The generated Tag Report gives you an idea of what customers are discussing. Because these tags can be used across networks, it’ll give you a bigger view on the topic you’re looking into. A high volume around a tag “request blue color” for example, would inform a product decision for the next color.
Native search in Facebook offers you the top posts for your terms. It should not be the only search that you use. Instead, it should be a part of the listening arsenal. For example, searching for your brand, industry related terms and competitors is a good use of the search function. You can narrow these results down to those that you follow, any Group, any location and any date.
Finally, to set up a monitoring strategy on Facebook to track your competitors, navigate to Insights, then Overview and then Pages to Watch. Here, you track Pages in your industry or of your competition to see how their weekly posts are performing. Watching these trends could help you think of new ways to reach your own customers.
After you set up your monitoring, schedule time in your calendar to review all of the data. It can be done at your monthly or quarterly reports review. Unless you’re analyzing a short campaign, a daily or even weekly review may not provide enough information to analyze.
Each report will give you different analyses on your strategy. For example, the Sent Messages report will surface which posts performed the best. Review the similarities between your top posts and you can then make adjustments to continue the content approach that your audience liked best.
In a campaign report, you’ll tag your sent messages to see how well the message is resonating with audiences. During your analysis, you’ll see what’s been working and tweak future messages and campaigns.
Examples of Facebook social listening
Let’s take a look at how other companies are using social listening for Facebook. With the below examples, you’ll hopefully take away some actionable ideas for your own company. Each brand uses social listening differently. Some may use it to inform a product feature while others might also use it for customer sentiment. Social listening isn’t an either/or scenario.
In the retail sector, Samsung looks at their competitors to see what their most common complaints are. In its launch of the new Galaxy S9, the company posted a series of videos highlighting the differences between the Galaxy and the Apple iPhone X. The videos are sarcastic and funny, with each one focusing on one feature that Apple customers often complain about. The style is much like a comedy skit and short for maximum impact. In this example, Samsung used listening on their competitors to inform their campaign strategy by tracking down commonly voiced complaints about the competitor product.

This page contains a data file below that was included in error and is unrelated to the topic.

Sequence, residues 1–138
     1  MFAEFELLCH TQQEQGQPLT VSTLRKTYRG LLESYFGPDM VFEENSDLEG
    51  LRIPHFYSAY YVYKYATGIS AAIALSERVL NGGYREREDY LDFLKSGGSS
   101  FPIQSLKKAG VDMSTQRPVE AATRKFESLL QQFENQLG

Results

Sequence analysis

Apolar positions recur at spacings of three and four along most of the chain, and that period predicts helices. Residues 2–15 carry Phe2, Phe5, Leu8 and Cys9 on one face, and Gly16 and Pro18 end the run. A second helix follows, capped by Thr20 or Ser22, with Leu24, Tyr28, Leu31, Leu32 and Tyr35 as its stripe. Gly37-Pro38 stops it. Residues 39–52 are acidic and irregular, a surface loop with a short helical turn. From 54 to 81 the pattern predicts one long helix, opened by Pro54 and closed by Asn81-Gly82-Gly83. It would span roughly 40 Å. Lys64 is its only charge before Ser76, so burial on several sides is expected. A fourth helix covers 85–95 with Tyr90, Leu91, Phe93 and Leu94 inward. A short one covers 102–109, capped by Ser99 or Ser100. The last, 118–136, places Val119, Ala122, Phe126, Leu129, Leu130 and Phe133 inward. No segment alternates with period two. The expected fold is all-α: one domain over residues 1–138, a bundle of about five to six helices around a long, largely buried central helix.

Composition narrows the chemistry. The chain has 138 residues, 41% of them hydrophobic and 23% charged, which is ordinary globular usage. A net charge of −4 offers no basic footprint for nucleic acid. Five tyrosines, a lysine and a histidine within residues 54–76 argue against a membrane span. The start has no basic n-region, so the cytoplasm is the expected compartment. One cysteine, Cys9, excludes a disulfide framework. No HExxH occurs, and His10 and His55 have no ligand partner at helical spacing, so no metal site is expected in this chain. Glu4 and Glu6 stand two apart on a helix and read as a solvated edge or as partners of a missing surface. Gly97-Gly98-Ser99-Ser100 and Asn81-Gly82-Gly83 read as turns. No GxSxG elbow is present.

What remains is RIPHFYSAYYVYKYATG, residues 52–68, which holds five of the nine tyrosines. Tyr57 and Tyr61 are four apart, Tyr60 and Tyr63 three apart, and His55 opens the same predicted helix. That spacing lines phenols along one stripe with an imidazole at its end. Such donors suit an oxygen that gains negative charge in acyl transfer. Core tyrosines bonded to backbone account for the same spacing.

Noticing trends in your own industry and developing products to go with them is a natural part of a company’s growth model. Burt’s Bees saw face masks on the rise and developed their own version that fits their brand. Product research was conducted through social listening of competitors and internal analyses of what customers wanted out of them. The result was a set of new face masks responding to the problem areas that customers most wanted to fix.
Cool Whip and Jell-O are both owned by Kraft. But they serve slightly different audiences. While campaigns for both are targeted to adults or those with buying power, Jell-O is more fun for kids. Kraft used social listening to understand what each of these brand’s customers want and target their products accordingly. Even the content for each is different. In the first example, Jell-O’s all about playing with the food and giving parents play ideas. In the second example, Cool Whip is oriented to those who host parties and need an easy recipe to execute.
Using Facebook listening as part of your social listening strategy gives you a leg up against competitors. Not only does it improve your own marketing strategy but it also helps develop your other departments. On Facebook, customers aren’t afraid to tell you what they like or don’t like about your products. And when a competitor is failing in one area, social listening will help you step in and fill the gap faster.
Remember, Facebook is just one piece of the puzzle for social listening. While the network does have the most widespread audience, your other social channels need to also be incorporated. One customer may be more vocal on Twitter than on Facebook. Ignoring the other channels will only limit your view of the data that you need.
We’d love to know how you use Facebook listening to inform your strategy. Tweet us @SproutSocial.